The Meekness of Moses
Text: Numbers 12:1-15
I. If a little boy came up to and announced, “When I grow up, I want to be the meekest man on earth!” What would you think?
A. Oh, intellectually we know that meekness is a good thing. It is one of the fruit of the Spirit - Galatians 5:22-23
B. But most of us have this image of a skinny, unassuming guy with a high pitched voice and a timid way of approaching people.
C. You see it in the definitions of meekness
1. “Humble in spirit or manner; suggesting retiring mildness or even cowed submissiveness”
2. “Compliant: evidencing little spirit or courage; overly submissive or compliant.”
3. The problem is that this is our modern usage. It is not necessarily the biblical meaning of the words being used.
II. The definition of “meek”
A. In discussing the Greek word for meek: prautes, Vines states:
1. “The meaning of prautes is not readily expressed in English, for the terms meekness, mildness, commonly used, suggest weakness and pusillanimity to a greater or less extent, whereas prautes does nothing of the the kind. Nevertheless, it is difficult to find a rendering less open to objection than ‘meekness’; ‘gentleness’ has been suggested, but as prautes describes a condition of mind and heart, and as ‘gentleness’ is appropriate rather to actions, this word is no better than that used in both English Versions. ... Described negatively, meekness is the opposite to self-assertiveness and self-interest; it is equanimity of spirit that is neither elated nor cast down, simply because it is not occupied with self at all.”
2. I believe it is that last phrase that captures the concept of meekness: It is a total lack of self-pride, to the point of a lack of self-concern.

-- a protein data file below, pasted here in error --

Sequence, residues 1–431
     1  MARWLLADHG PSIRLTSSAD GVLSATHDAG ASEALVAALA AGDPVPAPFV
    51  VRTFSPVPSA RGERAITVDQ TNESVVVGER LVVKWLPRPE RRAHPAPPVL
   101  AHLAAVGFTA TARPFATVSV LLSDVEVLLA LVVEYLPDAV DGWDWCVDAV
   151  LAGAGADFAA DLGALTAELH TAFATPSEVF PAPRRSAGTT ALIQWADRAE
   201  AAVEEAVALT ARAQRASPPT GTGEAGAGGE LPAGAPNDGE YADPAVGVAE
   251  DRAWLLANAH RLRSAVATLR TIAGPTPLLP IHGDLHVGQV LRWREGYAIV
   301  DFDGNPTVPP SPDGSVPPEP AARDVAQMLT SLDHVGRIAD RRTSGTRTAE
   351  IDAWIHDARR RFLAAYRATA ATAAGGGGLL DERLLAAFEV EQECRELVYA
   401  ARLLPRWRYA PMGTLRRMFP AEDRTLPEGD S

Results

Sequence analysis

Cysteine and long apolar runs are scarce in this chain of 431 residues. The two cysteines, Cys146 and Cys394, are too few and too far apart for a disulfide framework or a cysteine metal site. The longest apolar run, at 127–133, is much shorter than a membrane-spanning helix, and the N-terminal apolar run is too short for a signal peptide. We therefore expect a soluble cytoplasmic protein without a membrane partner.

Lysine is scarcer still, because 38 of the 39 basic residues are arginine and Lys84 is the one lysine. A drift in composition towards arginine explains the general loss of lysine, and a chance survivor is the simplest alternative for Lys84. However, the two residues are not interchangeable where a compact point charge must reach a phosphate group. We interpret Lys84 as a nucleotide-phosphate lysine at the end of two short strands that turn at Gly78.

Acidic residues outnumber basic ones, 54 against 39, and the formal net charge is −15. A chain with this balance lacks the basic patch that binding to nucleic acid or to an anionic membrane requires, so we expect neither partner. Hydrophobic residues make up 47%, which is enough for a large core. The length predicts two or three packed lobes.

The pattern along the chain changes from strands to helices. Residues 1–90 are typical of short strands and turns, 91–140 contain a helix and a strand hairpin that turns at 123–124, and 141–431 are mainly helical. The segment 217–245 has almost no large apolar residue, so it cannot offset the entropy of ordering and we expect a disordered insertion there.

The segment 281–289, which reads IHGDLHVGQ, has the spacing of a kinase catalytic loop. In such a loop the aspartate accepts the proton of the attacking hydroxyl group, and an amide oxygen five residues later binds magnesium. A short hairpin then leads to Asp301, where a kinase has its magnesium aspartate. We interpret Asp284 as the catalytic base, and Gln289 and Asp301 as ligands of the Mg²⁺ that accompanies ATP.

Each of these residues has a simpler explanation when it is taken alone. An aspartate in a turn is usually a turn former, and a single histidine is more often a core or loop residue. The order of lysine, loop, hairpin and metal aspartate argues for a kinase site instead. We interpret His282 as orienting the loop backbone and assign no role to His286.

3. It is related to humility, but it is not the same thing.
a. The poor and the oppress are often called meek, not because they are cowed but because they have no pride in their current position and, therefore, they have little concern about themselves.
b. Isaiah 11:4 - Depending on your translation the poor are equated to the meek, afflicted, or humble
4. It is a trait that all Christians are to have - Titus 3:1-2
a. Depending on the translation it is rendered as gentleness, humility, meekness, or consideration.
B. In the Old Testament, the Hebrew word for meek is anaw.
1. It means someone who is afflicted or bearing a heavy burden.
III. The example of Moses
A. Numbers 12:3 tells us that Moses was the meekest man on earth
1. How can this be?
2. After all wasn’t it Moses who in a fit of anger through down the tablets of stone and broke them?
3. Wasn’t it Moses who burnt the golden idol, ground it up, poured the powder into water and made the people drink it?
4. Does this sound like a mild-mannered, unassuming guy?
B. Numbers 12:1-3
1. Moses’ brother and sister have been giving him grief because he chose to marry a woman from Ethiopia
2. They openly spoke against Moses and insinuated that since God has spoken through them in the past that there was no need for them to follow Moses if they didn’t want to do so.
3. The statement in verse 3 about Moses’ meekness is an explanation about the circumstances
a. Moses never complained to God about the grief Miriam and Aaron were causing him.